The Guardian: Assad attends the Arab League summit amid Western opposition to his return


The Guardian newspaper published an article by its diplomatic editor, Patrick Wintour, discussing Syrian president attending the Arab League summit while the West opposes his return.

The presence of the Syrian President, Bashar al Assad, on Friday, his first summit in the Arab League in 13 years, amid a clash of visions between the West and the Gulf states regarding his rehabilitation after more than a decade of war against his people.

The step of his return, which was engineered by Saudi Arabia and the United Arab Emirates, has already led to objections in Washington and London, which say that Assad has shown no remorse for the millions who have been killed and displaced from the Syrian people at the hands of his forces since the start of the pro-democracy protests in 2011, nor has he shown any remorse.

The United Arab Emirates has deliberately defied the West by officially inviting Assad to attend the United Nations Climate Change Conference (COP28) in Dubai in November, which will be his first global summit since the beginning of the war.

Assad’s invitation presents a dilemma for Western politicians, such as John Kerry and Rishi Sunak, who, if they attend, would find themselves in the same room as a man still under international sanctions for the use of chemical weapons, war crimes and extrajudicial killings.

There is no indication that the UAE consulted Western diplomats before issuing the invitation.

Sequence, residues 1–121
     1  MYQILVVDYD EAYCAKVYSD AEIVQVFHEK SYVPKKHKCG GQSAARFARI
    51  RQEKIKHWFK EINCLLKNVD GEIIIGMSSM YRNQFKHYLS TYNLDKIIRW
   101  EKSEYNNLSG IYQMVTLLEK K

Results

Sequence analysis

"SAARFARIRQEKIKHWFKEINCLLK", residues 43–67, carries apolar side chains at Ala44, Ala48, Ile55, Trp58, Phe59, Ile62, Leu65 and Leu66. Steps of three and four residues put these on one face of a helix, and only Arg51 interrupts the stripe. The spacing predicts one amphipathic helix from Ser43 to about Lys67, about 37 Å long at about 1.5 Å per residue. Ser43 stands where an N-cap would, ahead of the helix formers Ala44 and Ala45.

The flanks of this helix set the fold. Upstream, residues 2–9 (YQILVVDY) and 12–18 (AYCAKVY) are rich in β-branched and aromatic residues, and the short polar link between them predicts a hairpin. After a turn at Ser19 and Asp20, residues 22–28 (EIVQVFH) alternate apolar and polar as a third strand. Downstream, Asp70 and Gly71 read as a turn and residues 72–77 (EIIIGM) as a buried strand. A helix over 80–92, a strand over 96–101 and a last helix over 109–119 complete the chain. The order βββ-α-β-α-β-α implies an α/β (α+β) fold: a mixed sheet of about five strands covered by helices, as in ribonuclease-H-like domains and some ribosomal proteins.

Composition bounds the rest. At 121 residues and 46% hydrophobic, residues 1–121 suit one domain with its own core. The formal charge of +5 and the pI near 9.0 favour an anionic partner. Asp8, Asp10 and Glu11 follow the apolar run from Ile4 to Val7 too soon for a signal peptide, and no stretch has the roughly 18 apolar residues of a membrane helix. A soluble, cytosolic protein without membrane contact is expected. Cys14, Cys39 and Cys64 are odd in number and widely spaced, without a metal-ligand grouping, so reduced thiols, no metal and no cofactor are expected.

Saudi Arabia has supported Assad’s return to the 22-nation Arab League, although some member states, particularly Qatar and Kuwait, have concerns.

This is because Riyadh argues that the Arab world must pragmatically accept that Assad has survived the Syrian civil war, and that the best way to influence the consequences of his victory is through a policy of engagement with Damascus that will bear fruit over time, including by limiting the influence of Iran, Assad’s largest military supporter.

At the present time, the article explains, there are no indications that Assad is ready to make concessions in exchange for recognition, and insists that Syria won’t accept the return of refugees until after the Gulf states provide funds for the reconstruction of the country.

Opening of embassies and an invitation to the Arab summit, has the isolation of the Syrian regime ended in the Arab world?

Anger was evident in the West over this step, as the new British Special Envoy for Syria confirmed that Britain would not support normalization without a significant change in the Syrian regime behavior.

The bipartisan congressional alliance in the United States hastened to submit a bill to ensure that the Biden administration stands firmly against Assad, even if this requires a breach of relations and cooperation with the Gulf States.

In addition, if Congress passes this bill, it will press for the Assad regime to be held accountable for mass killings and other war crimes, including chemical weapons, support the return of refugees and displaced persons, and prevent a geostrategic victory for Assad, Putin, Iran and its proxies such as Hezbollah.

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